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Analyze President Kennedy’s approach in Cuba in the context of the Cold War Essay Sample

Analyze President Kennedy’s approach in Cuba in the context of the Cold War Pages
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Analyze President Kennedy’s approach in Cuba in the context of the Cold War. How successful was he? To what extent were his actions typical of a Cold War President?

Introduction

           During the tenure of president Kennedy as a president in the united states, John F Kennedy was seriously concerned with stopping the spread of communism in the world, and there were hot pots that triggered Kennnedy government attention. The containment required to be the American foreign policy doctrine that regarded the Soviet Union required to be contained to preserve the spread of communism throughout the world. The Soviet Union waged a campaign to spread its communism ideologies throughout the world such as in Cuba. Kennedy made Flexible doctrine to this and utilized political situation that happened under the watch (Stolley, 1999).

The Bay of Pigs was the first situation that Kennedy had to deal with as the president. It was an unsuccessful attempt to overthrow the Cuban government of Fidel Castrol. The Central Intelligence Agency (CIA) trained a force of Cuban exiles to invade the southern part of Cuba with all the support of the Kennedy government. The Cuban exile force was called Brigade 2506. This invasion occurred in the first three months of Presidents Kennedy terms in office. The CIA had trained the Cuban exiles in various areas in South Florida while the guerrilla training took place in Panama at Fort Gulick and Fort Clayton. The exact invasion happened on 17th April 1961, where there were coordinated attacks in various locations of the Cuban island. The Cuban d soldiers of the Castro Communist government engaged in invading force and the members of Brigade 2506 were pushed to withdraw back to the beaches and after the days of combat, nor air aid and low on ammunition the surviving member of Brigade 2506 retreated to the beaches, and a try extraction was performed, but hundreds of them were captured and killed (Stolley, 1999). So the Kennedy administration failed to contain Cuba.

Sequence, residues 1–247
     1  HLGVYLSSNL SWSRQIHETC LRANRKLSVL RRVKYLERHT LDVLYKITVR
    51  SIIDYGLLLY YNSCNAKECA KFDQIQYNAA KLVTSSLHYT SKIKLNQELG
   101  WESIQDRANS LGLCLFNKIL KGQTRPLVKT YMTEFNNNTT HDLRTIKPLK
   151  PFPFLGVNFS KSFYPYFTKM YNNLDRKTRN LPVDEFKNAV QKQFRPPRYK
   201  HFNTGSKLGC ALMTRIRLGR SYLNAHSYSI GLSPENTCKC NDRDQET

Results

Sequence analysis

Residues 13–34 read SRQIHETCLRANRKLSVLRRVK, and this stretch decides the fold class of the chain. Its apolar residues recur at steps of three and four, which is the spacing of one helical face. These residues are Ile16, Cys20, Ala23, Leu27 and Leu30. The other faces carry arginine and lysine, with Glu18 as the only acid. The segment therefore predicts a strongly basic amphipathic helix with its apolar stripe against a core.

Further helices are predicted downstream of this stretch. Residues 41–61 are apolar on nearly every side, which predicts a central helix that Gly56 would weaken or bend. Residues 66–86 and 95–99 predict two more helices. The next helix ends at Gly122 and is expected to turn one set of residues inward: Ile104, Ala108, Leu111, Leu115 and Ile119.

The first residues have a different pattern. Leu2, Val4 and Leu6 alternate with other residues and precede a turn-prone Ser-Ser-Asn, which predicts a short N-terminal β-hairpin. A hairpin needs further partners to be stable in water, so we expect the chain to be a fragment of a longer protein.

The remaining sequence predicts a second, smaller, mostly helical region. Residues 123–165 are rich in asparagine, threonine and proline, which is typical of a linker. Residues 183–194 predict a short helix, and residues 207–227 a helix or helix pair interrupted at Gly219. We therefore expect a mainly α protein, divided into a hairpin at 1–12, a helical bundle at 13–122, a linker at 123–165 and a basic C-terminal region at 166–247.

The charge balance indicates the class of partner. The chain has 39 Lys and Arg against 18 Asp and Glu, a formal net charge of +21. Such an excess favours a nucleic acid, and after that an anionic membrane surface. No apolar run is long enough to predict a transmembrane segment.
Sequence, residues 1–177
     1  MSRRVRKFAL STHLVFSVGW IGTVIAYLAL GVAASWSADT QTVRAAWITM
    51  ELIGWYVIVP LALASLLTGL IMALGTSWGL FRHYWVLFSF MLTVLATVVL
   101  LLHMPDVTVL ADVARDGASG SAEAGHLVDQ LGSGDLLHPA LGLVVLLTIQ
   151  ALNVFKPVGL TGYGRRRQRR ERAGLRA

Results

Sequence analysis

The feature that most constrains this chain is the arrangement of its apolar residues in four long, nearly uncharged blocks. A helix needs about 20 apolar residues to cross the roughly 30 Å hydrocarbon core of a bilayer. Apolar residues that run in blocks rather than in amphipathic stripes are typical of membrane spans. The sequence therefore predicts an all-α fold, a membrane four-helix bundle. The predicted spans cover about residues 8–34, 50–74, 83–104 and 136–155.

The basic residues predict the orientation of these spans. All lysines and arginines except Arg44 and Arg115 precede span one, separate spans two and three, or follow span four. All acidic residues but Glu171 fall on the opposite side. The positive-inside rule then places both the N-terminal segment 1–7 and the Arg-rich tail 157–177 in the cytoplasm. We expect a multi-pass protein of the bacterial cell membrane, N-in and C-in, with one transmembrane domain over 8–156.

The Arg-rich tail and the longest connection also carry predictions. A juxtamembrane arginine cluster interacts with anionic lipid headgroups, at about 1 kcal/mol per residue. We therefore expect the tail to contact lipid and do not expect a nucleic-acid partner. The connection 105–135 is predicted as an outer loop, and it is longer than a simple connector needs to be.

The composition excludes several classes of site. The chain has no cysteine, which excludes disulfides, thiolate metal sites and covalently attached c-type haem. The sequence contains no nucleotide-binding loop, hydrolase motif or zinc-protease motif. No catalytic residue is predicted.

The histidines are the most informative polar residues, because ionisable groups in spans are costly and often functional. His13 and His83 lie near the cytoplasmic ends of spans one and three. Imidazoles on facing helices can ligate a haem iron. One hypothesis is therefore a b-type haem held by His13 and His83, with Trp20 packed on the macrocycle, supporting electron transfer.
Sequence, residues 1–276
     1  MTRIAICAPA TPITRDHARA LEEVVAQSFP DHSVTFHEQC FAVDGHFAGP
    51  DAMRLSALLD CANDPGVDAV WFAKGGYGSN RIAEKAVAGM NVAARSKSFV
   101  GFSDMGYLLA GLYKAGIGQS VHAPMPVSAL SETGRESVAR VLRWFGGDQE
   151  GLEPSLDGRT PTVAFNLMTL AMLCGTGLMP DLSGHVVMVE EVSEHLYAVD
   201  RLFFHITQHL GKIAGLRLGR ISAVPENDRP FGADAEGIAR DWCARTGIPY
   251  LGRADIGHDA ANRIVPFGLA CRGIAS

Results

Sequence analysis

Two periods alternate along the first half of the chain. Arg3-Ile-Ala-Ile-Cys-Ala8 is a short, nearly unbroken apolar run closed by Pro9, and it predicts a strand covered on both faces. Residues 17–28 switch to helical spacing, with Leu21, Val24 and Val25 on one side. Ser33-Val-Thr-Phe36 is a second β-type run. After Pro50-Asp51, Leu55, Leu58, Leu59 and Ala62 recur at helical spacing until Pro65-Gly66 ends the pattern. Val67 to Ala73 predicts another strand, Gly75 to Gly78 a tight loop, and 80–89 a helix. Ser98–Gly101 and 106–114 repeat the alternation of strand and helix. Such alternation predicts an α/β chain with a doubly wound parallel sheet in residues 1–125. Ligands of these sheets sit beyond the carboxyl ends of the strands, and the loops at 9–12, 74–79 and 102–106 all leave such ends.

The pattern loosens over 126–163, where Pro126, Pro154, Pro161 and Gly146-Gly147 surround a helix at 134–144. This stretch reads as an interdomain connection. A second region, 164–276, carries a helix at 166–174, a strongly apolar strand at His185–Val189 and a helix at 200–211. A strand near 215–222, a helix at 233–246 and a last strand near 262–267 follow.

Nevertheless, Kennedy was a typical Cold War President who utilized similar diplomatic policy of Flexible Response. When the Soviet Union erected the Berlin Wall later in 1961 and with the Soviet Union and Cuba in 1962 during the Cuban Missiles Crisis. President Kennedy utilizes the Flexible Response policy to contain them. The Berlin wall was built by the Communist German Democratic Republic with the direction and support of the Soviet Union, with the aim of cutting off the West Berlin from surrounding East Germany and East Berlin. It was constructed with large concrete walls, guard towers, anti-vehicles trenches and other defenses to maintain people from, moving freely from East to West Germany and freedom. President Kennedy’s Flexible response was first to send Vice President Lyndon Johnson by air to Berlin and the second approach was to dispatch an army brigade to Berlin at the same time.

What is meant by Black Power? What areas of life does it address?

           The Black power was a slogan meant to empower the black people in America. It was a cry of pain from the black people and their response to the failure of the white power to deliver the promises they made to the black people. The movement developed from the Civil Righs Movement that had steadily acquired momentum through the 1950s-1960s. It marked the transition point in black-white association in America and also in how the blacks saw themselves. To some people, it was held as a positive and proactive force with the aim of assisting the blacks accomplish full equality with the whites, but others reviled it as a militant because sometimes violent could occur with the goal to drive a wedge between the whites and the blacks (Stolley, 1999). As a matter of fact, the Black Power movement was a complex situation that occurred at a time when the society and culture was being transformed throughout America and its legacy reveals that complexity.

The Black Power movements were reasonably successful in helping the colored people living in Ghettos. They arranged breakfast and medical care for the black people living in poor areas. Through this way, they were not assisting them to sustain themselves, but attempting to create their self-esteem. The movement also encouraged the black people to stand up to white people and defend themselves. They were also dedicated to arming oneself and defending themselves from racial hatred. Though in the concepts it aimed to help the black people in the fight against racism, it did not have the desired impact, but minor successes. Thus, although the Black Power aimed to push black rights further forward, and it did in some cases bring black people together and raise the self-esteem and have minor successes; it did not ultimately have a plan and radical, such as Stojelely Carmichael meant the federal government would be imminent. (Stolley, 1999) Because of its unrealistic aims and no defined goals to achieve, such as the erasing of Jim Crow Law, the black power was not really successful.

Reference

Stolley, Richard B. Turbulent Years: The 60s. Alexandria, Va.: Time-Life, 1999. Print.

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